John Thaler, founder of JAT Capital, is returning client money to turn his $1.7 billion hedge fund firm into a family office.
“As I approach my 20th anniversary working in the financial services industry, with the last eight spent building and managing JAT Capital, it is the right moment to take a break, spend time with my young family and determine which path to pursue next,” Thaler, 39, wrote in a letter to investors, a copy of which was obtained by Bloomberg.
Thaler started New York-based JAT in 2007 with startup money from Chris Shumway, whom he worked for from 2002 to 2007. JAT’s assets soared to about $3 billion in 2011 when Thaler profited from bets on and against stocks. The equity focused firm, which employs 35 people, plans to return investor money by the end of June, so it can sell positions strategically and prudently, according to the letter.
Catherine Jones, a spokeswoman for JAT with Polisi Jones Communications, declined to comment on the closing.
Hedge funds have been closing their doors or returning outside capital at a rapid clip as new regulations have increased costs and as industry returns have trailed benchmarks. In 2014, 864 hedge funds closed their doors, according to data provider Hedge Fund Research Inc.
Earlier this year, two hedge funds seeded by billionaire Julian Robertson shut -- TigerShark Management and Tiger Consumer Management. Gideon King decided to close his approximately $1 billion Loeb King Capital Management in January, calling the business of managing hedge funds “cumbersome.”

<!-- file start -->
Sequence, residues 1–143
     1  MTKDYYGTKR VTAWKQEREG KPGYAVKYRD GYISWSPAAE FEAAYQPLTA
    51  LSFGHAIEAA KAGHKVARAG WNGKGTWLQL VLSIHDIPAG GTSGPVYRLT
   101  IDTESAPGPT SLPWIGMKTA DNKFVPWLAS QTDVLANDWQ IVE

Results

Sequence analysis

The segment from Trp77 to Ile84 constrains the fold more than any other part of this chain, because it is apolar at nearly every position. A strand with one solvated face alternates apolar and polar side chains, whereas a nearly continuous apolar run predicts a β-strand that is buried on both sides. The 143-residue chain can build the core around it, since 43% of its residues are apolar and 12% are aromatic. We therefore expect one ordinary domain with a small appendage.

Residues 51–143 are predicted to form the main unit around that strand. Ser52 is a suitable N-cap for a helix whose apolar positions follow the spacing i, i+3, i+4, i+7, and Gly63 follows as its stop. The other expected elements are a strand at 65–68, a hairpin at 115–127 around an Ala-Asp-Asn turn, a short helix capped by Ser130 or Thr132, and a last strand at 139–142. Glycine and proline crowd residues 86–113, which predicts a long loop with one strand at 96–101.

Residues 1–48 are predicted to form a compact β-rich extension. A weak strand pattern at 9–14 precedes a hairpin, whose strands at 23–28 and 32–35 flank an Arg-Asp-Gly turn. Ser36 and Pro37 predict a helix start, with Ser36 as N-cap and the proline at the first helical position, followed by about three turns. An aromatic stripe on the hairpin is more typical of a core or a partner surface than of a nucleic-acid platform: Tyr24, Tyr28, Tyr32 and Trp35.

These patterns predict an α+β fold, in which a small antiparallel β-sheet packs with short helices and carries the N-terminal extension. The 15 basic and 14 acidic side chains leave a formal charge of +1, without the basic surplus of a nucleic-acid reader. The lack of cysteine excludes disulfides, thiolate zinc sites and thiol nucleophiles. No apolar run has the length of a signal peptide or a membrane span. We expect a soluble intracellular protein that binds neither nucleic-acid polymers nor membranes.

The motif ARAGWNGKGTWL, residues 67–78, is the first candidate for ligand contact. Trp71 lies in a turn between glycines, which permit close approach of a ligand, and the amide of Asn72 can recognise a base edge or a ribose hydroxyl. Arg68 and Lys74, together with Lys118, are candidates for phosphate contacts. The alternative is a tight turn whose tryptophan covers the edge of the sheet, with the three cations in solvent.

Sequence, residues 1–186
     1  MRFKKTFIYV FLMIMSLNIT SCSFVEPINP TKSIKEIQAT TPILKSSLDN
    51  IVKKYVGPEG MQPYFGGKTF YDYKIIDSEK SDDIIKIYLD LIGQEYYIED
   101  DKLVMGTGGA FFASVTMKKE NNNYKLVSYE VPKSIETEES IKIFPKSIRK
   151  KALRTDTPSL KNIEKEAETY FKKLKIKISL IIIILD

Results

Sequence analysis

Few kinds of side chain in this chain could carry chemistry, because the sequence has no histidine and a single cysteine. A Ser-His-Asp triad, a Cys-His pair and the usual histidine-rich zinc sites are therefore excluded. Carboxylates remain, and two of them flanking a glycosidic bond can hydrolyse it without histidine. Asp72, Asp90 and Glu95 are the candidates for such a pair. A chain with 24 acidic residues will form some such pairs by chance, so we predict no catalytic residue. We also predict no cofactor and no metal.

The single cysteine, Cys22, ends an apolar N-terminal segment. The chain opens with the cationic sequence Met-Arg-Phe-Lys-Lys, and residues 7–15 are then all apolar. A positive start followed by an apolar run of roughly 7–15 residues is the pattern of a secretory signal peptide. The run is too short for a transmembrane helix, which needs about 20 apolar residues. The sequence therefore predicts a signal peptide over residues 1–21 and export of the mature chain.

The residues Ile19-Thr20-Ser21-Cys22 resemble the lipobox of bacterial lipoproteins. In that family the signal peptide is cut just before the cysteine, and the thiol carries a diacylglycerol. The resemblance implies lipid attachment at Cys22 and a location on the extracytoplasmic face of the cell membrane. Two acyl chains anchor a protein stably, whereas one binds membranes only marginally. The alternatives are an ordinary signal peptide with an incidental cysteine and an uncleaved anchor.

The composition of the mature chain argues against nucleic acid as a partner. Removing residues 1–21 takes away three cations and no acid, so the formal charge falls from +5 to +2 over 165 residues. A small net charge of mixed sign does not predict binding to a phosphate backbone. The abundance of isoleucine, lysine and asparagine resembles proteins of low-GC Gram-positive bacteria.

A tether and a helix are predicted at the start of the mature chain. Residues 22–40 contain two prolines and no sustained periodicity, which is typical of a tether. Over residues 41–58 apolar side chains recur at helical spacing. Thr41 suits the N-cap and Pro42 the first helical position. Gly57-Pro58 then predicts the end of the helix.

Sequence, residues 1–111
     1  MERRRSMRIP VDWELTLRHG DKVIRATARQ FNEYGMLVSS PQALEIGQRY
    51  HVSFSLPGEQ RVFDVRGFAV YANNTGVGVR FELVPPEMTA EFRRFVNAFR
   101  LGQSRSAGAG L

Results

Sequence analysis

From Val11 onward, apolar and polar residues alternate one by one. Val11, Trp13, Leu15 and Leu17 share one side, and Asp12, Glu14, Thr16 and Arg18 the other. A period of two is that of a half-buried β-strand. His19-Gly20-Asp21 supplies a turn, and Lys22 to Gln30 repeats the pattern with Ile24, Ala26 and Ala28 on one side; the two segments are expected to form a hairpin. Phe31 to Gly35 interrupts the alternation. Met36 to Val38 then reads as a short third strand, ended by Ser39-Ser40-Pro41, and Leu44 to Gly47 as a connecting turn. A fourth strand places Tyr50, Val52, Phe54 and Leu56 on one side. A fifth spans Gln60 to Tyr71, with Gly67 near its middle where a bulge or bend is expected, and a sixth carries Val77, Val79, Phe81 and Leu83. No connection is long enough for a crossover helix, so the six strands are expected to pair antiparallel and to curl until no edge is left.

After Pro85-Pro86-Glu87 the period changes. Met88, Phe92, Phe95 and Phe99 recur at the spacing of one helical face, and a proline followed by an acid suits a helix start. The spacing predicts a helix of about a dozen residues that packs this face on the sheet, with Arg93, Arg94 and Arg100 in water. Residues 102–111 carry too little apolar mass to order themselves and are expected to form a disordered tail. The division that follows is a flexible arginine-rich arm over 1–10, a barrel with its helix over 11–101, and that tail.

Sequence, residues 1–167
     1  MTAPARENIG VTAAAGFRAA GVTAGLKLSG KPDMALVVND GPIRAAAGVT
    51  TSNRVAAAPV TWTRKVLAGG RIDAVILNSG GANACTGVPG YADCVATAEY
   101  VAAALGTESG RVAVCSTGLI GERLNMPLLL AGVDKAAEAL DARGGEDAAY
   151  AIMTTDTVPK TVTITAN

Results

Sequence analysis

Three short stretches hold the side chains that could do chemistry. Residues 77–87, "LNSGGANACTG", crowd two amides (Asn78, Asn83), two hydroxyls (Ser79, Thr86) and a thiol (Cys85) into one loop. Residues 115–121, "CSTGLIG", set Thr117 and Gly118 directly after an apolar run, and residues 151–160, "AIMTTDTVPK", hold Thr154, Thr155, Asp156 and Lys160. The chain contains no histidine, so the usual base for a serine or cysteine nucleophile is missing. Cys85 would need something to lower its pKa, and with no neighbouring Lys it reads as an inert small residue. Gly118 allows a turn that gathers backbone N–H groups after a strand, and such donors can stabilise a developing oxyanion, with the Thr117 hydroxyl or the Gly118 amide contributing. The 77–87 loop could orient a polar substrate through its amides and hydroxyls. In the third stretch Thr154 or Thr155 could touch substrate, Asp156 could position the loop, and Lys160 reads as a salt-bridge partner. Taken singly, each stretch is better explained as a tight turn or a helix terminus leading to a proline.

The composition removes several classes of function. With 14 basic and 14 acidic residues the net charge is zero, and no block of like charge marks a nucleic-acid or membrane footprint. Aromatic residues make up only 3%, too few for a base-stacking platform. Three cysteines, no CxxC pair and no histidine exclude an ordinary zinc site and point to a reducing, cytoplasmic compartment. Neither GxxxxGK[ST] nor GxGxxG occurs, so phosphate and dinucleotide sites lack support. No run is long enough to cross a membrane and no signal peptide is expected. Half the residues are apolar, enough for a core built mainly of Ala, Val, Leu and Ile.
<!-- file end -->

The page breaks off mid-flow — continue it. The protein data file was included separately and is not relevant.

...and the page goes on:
Allan Teh, founder of Kamunting Street Capital Management, said in April that he would return client money and become a family office citing the difficulty of overseeing money in a zero interest-rate environment.
JAT had $3.5 billion of publicly disclosed U.S. equity holdings at the end of the first quarter, according to data compiled by Bloomberg. The firm’s largest industry positions were in technology and consumer stocks, with the biggest equity stakes in Time Warner Cable Inc., Twitter Inc. and Yahoo! Inc., a regulatory filing shows. It was also a significant shareholder in Madison Square Garden Co.
The filings don’t show non-U.S. securities, holdings that aren’t publicly traded, or cash.
Thaler said in the letter he intends to step back from day- to-day investing for a few months to assess his next steps and that stock picking will remain a central focus of his professional endeavors.